"The Turks are getting a lot of brownie points in the West on Ukraine right now. But they still have the S-400 and haven't stopped threatening Cyprus," Evriviades said.

Real estate and FinTech

But analysts say that Erdogan will face an uphill battle if he intends to pry Israel away from its new Greek and Cypriot allies. 

"After more than ten years of polemics, it's much easier said than done on Turkey's side to prove they are a reliable partner," Grigoriadis said. "It's going to take a lot of effort to repair the damage to Israeli-Turkish relations."

Shortly after the US pulled its support for the EastMed pipeline, Erdogan was quick to float the idea of a gas deal between Turkey and Israel. 

Analysts, however, are sceptical. The conflict in Syria and crisis in Lebanon would likely mean that a pipeline has to cross the Mediterranean through Cyprus's Exclusive Economic Zone. Putting aside the unresolved status of the Turkish side and its maritime claims, they say Israel may be hesitant.

"Pipelines mean leverage," Evriviades said. "Would the Israelis really give Turkey leverage over their gas? The Israelis don’t trust anybody. So why would they trust Erdogan's Turkey?"

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Nicosia can also rely on burgeoning economic and people to people ties that have sprung up between Cypriots and Israelis since relations with Turkey deteriorated under Erdogan.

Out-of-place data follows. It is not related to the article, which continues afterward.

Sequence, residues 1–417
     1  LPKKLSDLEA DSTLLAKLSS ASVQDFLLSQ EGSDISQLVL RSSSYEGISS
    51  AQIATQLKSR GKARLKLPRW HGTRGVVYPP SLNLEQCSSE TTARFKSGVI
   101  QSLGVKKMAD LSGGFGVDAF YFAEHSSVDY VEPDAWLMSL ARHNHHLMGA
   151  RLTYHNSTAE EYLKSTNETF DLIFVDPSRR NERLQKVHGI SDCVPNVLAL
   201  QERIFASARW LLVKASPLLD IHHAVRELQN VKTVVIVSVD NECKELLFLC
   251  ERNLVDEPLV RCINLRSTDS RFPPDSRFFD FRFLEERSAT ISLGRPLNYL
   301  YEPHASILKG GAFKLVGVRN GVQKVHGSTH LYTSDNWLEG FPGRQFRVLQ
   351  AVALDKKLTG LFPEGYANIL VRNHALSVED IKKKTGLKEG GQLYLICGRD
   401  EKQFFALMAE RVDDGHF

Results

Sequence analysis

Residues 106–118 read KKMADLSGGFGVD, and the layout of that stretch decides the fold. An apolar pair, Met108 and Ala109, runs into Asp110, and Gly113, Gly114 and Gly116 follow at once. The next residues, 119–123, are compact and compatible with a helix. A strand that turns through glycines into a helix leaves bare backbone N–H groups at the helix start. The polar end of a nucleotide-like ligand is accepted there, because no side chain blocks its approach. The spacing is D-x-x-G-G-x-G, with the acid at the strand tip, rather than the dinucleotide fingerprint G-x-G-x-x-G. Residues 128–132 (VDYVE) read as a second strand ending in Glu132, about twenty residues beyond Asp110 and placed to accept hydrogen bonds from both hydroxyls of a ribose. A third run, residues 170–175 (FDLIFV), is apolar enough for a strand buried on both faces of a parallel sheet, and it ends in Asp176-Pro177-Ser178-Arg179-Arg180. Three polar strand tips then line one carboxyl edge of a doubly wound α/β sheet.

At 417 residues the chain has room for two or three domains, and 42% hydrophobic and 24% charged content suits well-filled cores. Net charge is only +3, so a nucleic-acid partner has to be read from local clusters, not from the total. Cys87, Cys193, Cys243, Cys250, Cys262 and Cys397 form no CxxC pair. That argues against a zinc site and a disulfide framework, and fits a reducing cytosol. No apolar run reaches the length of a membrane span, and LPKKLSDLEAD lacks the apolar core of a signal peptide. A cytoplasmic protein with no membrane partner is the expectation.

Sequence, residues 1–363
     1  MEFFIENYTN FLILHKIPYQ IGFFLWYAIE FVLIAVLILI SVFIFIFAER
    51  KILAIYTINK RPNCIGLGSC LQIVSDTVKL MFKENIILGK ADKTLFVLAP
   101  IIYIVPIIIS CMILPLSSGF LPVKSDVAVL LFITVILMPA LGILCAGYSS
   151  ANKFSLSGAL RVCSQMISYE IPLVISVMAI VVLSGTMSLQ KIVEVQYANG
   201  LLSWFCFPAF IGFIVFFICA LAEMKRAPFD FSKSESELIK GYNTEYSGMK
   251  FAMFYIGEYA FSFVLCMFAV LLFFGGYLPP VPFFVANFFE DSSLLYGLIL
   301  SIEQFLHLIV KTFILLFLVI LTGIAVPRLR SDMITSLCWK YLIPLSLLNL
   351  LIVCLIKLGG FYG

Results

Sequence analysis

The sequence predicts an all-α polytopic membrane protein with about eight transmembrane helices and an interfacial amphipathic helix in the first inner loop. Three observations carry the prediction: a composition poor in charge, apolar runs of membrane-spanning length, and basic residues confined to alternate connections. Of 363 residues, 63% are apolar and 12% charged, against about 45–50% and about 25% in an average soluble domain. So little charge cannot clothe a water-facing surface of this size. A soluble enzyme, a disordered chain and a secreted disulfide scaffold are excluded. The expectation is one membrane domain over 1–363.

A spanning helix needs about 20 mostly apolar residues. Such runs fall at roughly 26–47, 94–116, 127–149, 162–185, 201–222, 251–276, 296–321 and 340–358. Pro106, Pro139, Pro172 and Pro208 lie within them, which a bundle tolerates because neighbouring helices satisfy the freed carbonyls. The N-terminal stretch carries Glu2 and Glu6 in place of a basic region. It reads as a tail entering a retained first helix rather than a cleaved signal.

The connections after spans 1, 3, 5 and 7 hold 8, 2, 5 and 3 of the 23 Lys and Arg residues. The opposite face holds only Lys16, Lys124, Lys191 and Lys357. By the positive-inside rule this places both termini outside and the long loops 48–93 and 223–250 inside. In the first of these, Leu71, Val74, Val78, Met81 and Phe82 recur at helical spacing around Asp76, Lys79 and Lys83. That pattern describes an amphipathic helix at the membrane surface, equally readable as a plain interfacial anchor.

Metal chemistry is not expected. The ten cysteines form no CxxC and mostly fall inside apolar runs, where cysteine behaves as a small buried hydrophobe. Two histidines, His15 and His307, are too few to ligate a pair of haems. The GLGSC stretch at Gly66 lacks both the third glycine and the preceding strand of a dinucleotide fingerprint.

Cyprus is just a 45-minute flight from Israel. In 2019, around 294,000 tourists from Israel visited the island, placing the country third in terms of arrivals.

And as prices for real estate in Israel have skyrocketed, it's not uncommon to find families moving to Cyprus. Platis said he has several clients that commute each week across the short sliver of the Mediterranean separating the island from Israel.

"The real estate market is booming. I would say Israelis have replaced Brits and Russians as the top buyers," he said.

The island's status as a business-friendly EU member state, where corporate taxes are just 12.5 percent, has also drawn Israeli fintech and financial service companies eager to use the country as a launching pad into the EU market.  

"The tech companies and startups are hiring people and contributing to the economy. They value that we are an investor and business-friendly country," he said.

Gal Ron has seen how things on the island have changed. He was one of the first Israelis to arrive in Cyprus two decades ago. At the time, he says just 20 Israelis were living there. Today he says there are about five thousand, many of them young families.

"Israelis keep coming," said Ron, who holds dual Israeli-Cypriot citizenship. "The community is growing. People come to visit and they stay. Cyprus is laidback with a similar lifestyle to Israel but much better prices."